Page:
16. ASUKA/Veny (Freelancer) – ASUKA was everywhere in 2021, as they wrestled in over a dozen promotions over the course of the year. ASUKA’s main home was SEAdLINNNG, where they won both the singles and tag team championship. A very active Freelancer that puts on high end matches wherever they go, even though in some ways this was a down year for ASUKA I am sure they will rebound next year and find even more success.
17. Nagisa Nozaki (Pro Wrestling WAVE) – Nagisa continues to lead a promotion that no one watches, due to WAVE not having a regular streaming service and most of their events only being available via PPV. Nagisa won the Regina Di WAVE Championship in August and held it for the rest of the year, however she only had one successful defense in that time. She is a very solid wrestler, not spectacular but whenever her matches do become available they are generally entertaining. I hated to have a promotion with no representation and Nagisa is the best pick from WAVE, but if you haven’t seen any of her matches from 2021 I assure you that you are not alone.
18. Tsukushi Haruka (Ice Ribbon) – Now that Suzu Suzuki is gone from Ice Ribbon, Tsukushi becomes the wrestler most likely to take the role of Ace from Tsukasa Fujimoto. She started that process by winning the ICExInfinity Championship in November – she has held many titles in Ice Ribbon before but this time it feels more serious as Tsukushi is now an adult and has started using her last name. A spunky murder machine, Tsukushi is poised for a big 2022 if she can keep up her current momentum.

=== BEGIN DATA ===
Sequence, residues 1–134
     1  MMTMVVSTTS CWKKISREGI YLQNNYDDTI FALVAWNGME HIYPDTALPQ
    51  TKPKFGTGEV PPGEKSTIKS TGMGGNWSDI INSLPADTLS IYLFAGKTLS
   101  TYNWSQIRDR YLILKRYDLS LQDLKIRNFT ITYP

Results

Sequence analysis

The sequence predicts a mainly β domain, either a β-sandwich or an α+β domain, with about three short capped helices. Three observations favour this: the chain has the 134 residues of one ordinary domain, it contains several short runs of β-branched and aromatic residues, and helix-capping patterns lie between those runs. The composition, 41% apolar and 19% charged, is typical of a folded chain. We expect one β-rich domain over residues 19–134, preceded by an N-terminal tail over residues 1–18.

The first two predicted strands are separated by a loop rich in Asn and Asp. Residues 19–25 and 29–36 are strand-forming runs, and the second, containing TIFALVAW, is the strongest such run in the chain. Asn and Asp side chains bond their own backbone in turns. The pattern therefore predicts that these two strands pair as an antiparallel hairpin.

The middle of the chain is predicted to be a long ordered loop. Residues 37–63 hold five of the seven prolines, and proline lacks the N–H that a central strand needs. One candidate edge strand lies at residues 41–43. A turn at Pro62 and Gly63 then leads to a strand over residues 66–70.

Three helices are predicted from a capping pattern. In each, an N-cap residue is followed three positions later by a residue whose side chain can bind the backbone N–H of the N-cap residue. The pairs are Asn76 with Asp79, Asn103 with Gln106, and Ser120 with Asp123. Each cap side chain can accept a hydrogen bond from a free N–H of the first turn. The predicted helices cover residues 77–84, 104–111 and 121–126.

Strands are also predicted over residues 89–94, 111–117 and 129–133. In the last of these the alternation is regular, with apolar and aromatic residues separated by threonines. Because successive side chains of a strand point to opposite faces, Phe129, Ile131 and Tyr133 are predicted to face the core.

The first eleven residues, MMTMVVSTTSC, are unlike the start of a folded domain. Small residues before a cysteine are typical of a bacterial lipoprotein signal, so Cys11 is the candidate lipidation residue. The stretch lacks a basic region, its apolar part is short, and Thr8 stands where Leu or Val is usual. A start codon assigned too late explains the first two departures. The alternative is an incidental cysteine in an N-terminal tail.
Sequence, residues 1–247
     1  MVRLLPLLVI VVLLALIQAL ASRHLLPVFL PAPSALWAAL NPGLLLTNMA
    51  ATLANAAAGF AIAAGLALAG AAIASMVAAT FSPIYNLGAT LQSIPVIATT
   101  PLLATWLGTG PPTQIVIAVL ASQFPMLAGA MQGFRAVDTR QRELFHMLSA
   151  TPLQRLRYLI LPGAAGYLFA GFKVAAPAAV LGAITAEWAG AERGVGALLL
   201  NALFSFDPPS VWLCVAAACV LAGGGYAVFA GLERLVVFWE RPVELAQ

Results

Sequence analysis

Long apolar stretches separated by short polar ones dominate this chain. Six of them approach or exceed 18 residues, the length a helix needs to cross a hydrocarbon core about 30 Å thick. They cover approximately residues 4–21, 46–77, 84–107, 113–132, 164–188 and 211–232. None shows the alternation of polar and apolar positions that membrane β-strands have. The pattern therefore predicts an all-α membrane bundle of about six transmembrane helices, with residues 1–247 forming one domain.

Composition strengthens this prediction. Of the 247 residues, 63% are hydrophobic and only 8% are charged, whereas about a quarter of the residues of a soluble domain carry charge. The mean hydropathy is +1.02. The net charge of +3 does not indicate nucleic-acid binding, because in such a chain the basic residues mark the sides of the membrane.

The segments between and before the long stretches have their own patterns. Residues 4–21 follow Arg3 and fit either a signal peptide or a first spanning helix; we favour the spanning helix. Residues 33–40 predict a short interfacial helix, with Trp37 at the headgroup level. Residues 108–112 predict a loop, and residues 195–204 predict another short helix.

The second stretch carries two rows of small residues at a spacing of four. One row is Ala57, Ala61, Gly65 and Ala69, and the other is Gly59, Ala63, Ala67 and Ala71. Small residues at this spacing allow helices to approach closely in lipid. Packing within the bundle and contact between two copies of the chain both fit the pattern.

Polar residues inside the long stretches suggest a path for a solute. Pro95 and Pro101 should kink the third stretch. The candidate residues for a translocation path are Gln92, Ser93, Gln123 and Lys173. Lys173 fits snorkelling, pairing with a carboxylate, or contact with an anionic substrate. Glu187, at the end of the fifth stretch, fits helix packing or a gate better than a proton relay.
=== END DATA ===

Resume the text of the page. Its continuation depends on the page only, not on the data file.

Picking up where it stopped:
19. Rika Tatsumi (Tokyo Joshi Pro) – Rika started the year hot but cooled off a bit as it came to a close. She came into 2021 the Princess of Princess Champion but lost the title in May and did not even challenge for any other titles for the rest of the year. She is only ranked at all based on her being the top title holder for the first quarter, but by the end of the year she had been passed by several other Tokyo Joshi Pro wrestlers. Rika is going to have to re-find that magic in 2022 or she will likely drop off the list altogether.
20. Suzu Suzuki (Ice Ribbon/Prominence) – Suzu gets the final spot this year (there are a dozen wrestlers that could have a legitimate argument for being on this list that aren’t) mostly due to her love of being blown up. Suzu turned to hardcore wrestling in 2021, which apparently is her true love and she wrestled anyone she could find that didn’t mind some extra pain. Her love for deathmatches helped lead to her leaving Ice Ribbon and forming her own group, which needless to say was a major step for the young wrestler. It remains to be seen if her venture will be a success, but I respect her willingness to risk it all by giving up her comfy Ice Ribbon “future Ace” role for the less steady realm of Joshi hardcore wrestling.